A typology is important to guide health planning and investment in a world where most of the population belongs to a faith group that directly or indirectly influences health.

FBOs are often the first to respond to emergencies and are still there long after the emergency has subsided. Faith actors can make or break a global health strategy; excluding them from planning and resources fosters distrust and may even leave people in communities believing “health” and “faith” are at odds. Strategic investments in faith engagement prevent that and may help accelerate programs to scale.

This typology was developed based on a learning process with input from MAKLab, a service under the MOMENTUM Knowledge Accelerator. MAKLab, including colleagues at Ariadne Labs, completed a literature review and reviewed the typology for fit against available literature. This typology was tested using data from 25 USAID-funded programs under MOMENTUM Country and Global Leadership. The current typology will likely adapt with continued learning and testing; therefore, we refer to this as version 1.1.

Faith Engagement Typologies, version 1.1
1. Create space for discussion of theological interpretations in health ethics and actions
a. Promote understanding and dialogue on the role of theology and ethics in health
b. Incorporate prayer and spiritual practices (e.g. Chaplaincy)
2. Increase just and equitable access for underserved populations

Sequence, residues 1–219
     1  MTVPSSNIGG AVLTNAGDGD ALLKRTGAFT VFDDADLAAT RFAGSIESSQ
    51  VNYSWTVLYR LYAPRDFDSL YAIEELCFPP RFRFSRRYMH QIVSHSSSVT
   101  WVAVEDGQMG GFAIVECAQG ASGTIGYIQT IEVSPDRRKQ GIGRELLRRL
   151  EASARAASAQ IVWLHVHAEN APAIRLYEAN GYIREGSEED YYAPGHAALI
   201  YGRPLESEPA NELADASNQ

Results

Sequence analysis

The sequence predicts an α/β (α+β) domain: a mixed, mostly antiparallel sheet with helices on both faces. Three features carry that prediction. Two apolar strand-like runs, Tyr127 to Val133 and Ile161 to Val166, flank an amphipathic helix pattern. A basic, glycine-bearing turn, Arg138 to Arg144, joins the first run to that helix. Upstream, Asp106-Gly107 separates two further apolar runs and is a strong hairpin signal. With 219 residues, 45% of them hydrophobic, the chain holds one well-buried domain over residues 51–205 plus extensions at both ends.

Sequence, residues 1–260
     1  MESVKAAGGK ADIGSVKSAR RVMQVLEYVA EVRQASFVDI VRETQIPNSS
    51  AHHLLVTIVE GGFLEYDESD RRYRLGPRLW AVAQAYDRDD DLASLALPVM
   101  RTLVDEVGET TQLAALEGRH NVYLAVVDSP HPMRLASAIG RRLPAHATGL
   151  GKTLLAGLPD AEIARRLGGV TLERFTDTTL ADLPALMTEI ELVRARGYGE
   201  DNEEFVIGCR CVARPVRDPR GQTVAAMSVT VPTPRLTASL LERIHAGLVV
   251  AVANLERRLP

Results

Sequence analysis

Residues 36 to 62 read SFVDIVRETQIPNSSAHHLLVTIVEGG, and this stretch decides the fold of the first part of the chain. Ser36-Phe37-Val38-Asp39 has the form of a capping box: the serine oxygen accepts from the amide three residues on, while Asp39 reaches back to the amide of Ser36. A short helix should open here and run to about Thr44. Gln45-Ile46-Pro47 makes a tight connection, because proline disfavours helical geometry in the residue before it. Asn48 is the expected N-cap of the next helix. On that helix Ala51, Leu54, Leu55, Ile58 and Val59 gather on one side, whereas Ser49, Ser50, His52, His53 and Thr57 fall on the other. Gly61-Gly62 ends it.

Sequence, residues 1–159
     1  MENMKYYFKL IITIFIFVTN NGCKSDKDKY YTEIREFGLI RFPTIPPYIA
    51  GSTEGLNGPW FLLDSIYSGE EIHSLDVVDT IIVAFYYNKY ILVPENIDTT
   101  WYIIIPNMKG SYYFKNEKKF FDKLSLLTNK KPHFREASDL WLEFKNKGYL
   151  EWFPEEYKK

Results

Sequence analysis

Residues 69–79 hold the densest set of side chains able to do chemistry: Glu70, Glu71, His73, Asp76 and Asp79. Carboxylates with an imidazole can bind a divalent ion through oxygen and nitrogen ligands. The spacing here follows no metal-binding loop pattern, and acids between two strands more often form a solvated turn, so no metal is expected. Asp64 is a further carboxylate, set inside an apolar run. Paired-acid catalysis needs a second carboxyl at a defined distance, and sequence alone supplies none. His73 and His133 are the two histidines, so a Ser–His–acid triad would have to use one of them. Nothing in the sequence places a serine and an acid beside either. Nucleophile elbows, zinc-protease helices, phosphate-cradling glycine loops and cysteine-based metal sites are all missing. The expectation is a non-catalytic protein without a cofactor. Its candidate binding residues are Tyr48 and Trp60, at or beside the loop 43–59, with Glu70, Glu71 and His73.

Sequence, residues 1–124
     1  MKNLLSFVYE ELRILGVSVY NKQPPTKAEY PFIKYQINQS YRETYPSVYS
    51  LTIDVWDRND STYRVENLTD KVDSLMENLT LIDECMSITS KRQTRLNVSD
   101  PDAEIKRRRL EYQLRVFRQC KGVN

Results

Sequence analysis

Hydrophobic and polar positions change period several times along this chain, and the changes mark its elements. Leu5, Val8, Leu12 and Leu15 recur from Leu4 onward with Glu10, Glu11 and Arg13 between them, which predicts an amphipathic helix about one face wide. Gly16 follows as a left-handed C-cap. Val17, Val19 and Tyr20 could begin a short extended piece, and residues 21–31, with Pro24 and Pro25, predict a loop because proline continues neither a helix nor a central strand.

a. Develop disease-specific programs
b. Distribute services to underserved geographies
c. Ensure access for underserved population/demographic groups
3. Provide a range of health-related services in faith-based environments
a. Provide community-based health promotion and care
b. Provide facility-based health services
c. Provide health programs at places of worship/prayer (activities, teaching, services)
d. Provide multi-sectoral or wrap-around services (livelihoods, nutrition, education)
4. Commit to program sustainability
a. Commit to long-term service beyond program lifecycles
b. Provide organization capacity development opportunities
5. Respond quickly in times of crisis or difficulty
a. Provide services in humanitarian settings
b. Solicit or deploy volunteers and product donations
6. Shift power to local actors
a. Advocate for local priorities in public policy and planning
b. Ensure the active participation and involvement of local faith actors in decision-making
7. Increase the quantity and technical rigor of faith actors and engagements
a. Provide health worker training and mentorship
b. Integrate mental, social, spiritual and/or physical health
8. Build awareness and community sensitization
a. Facilitating open conversations and fostering acceptance within communities
b. Dismantle stigma and discrimination that marginalize individuals and communities
9. Influence social and behavior change for positive health
a. Support health-promoting behavior change, positive community attitudes, beliefs, and practices
b. Promote peace-building among people and communities
c. Support freedom of religion and religious expression
10. Foster community health systems and networks
a. Strengthen networks of health facilities and community health providers
b. Promote referral networks
c. Promote resiliency and planning for emergencies
d. Promote shared learning across network/institutions